- Berliner Unterwelten e.V., Brunnenstraße, Berlin, Allemagne
The Berliner Unterwelten Association informs the public about Berlin history from an unusual perspective. Before and during the Second World War hundreds of bunkers and air raid shelters were built in the city. In the post-war years most of these installations were destroyed. But traces of the air raid shelters can still be found in Berlin.
The Berliner Unterwelten Museum is located in a former air raid shelter at Gesundbrunnen underground station, which has been a protected monument since 1999. Visitors can explore the site on guided tours. On display are bunkers from the former government quarter, war rubble and archaeological finds as reminders of the Second World War. The exhibition also explores the difficult topic of military construction and historic preservation.
At other sites in the city, Berlin Unterwelten also offers tours of otherwise inaccessible buildings such as the ruined flak tower in Humboldthain park, which was one of Berlin’s largest bunker complexes. With a surface area of 70 x 70 meters and a height of 42 meters, it was erected after Adolf Hitler ordered the planning and construction of flak towers in September 1940. Equipped with heavy anti-aircraft guns, the flak towers were supposed to protect Berlin’s city centre from bomb attacks.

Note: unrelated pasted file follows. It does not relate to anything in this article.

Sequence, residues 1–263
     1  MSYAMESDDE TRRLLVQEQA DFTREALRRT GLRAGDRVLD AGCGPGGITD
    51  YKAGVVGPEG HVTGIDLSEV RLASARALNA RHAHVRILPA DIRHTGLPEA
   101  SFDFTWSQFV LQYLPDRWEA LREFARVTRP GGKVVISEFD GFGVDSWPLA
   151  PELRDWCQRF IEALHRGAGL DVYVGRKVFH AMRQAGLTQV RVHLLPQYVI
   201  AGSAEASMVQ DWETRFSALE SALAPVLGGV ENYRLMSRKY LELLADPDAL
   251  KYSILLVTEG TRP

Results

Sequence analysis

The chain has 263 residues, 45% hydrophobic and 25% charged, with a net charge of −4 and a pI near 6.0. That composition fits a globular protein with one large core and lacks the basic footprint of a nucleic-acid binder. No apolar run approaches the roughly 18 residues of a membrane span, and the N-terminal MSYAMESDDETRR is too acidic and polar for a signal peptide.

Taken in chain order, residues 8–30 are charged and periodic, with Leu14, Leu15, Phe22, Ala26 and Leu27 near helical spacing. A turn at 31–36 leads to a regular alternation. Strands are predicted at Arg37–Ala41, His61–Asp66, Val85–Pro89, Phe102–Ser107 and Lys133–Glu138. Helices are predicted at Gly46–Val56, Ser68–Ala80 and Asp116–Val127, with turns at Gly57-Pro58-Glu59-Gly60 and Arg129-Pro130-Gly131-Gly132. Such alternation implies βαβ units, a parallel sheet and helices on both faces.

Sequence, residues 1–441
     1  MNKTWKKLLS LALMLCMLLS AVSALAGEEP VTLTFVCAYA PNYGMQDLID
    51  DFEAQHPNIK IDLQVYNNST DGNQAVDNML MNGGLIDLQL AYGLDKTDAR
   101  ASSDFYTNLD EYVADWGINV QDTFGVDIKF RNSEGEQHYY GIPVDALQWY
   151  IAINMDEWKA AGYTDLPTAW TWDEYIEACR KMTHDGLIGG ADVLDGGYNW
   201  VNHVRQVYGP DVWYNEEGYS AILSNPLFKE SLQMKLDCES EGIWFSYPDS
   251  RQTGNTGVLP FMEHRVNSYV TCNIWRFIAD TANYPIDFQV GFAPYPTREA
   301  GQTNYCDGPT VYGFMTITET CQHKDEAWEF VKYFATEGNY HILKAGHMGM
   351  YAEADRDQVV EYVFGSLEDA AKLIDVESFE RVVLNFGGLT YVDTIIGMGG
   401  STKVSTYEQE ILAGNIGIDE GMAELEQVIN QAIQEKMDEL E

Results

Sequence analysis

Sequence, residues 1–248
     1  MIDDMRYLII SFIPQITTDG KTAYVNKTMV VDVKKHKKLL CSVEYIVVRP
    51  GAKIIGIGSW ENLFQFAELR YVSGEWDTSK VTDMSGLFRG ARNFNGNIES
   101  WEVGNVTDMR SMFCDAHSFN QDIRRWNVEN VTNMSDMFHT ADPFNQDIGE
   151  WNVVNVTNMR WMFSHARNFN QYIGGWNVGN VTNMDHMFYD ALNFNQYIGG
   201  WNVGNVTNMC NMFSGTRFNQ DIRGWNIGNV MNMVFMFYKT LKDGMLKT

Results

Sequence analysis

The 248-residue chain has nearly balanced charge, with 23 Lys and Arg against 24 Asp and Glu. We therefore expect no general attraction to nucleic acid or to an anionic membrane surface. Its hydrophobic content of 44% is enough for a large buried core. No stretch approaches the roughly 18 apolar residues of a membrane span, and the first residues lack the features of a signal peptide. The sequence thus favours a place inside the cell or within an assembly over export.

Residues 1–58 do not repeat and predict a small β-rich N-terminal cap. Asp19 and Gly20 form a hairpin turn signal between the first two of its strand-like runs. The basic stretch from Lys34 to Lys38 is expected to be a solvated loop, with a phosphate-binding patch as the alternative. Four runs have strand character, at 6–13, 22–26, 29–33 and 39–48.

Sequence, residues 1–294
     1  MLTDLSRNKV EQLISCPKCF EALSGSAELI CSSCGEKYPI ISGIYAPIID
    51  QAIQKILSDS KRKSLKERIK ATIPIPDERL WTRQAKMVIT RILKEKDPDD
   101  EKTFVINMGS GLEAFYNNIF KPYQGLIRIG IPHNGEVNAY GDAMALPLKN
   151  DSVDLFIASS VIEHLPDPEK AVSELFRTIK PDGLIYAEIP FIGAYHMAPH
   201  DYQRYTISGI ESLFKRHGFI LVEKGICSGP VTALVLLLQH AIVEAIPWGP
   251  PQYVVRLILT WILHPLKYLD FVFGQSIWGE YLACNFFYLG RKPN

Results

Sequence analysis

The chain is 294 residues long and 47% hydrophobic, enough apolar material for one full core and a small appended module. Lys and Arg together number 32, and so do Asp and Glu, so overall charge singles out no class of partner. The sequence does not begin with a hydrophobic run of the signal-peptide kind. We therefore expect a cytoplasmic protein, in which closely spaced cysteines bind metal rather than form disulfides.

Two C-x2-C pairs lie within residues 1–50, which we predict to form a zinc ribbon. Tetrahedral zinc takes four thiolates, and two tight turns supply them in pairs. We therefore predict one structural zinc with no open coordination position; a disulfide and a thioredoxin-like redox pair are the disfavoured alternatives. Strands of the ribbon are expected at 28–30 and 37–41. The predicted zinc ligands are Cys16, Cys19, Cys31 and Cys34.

The tours of ‘the mother and child bunker’ in the former gasometer in Kreuzberg’s Fichtestraße also address the aerial warfare in Berlin during the war. In 1940 a six-story mother and child bunker with a three-meter thick ceiling was built into the old gasometer. During night-time bombing raids it initially offered a safe place to sleep for 6,500 mothers and children, but later as many as 30,000 people crowded into its interior.
The permanent exhibition ‘Myth of Germania – Vision and Crime’ addresses Nazi plans for rebuilding the Reich capital and the accompanying crimes such as expulsions, deportations and forced labour.
In November 2006 the Association won the ‘Silver Hemisphere’ for its historic preservation work, the highest distinction awarded in this field in the Federal Republic of Germany.
Ralph Neumann grew up in Berlin as the son of Jewish parents. In early 1943, the then 16 year old Neumann eluded deportation to a concentration camp and went underground. Two weeks before the capitulation of Nazi Germany, he participated in an action of resistance in Berlin against the regime’s morale-boosting slogans.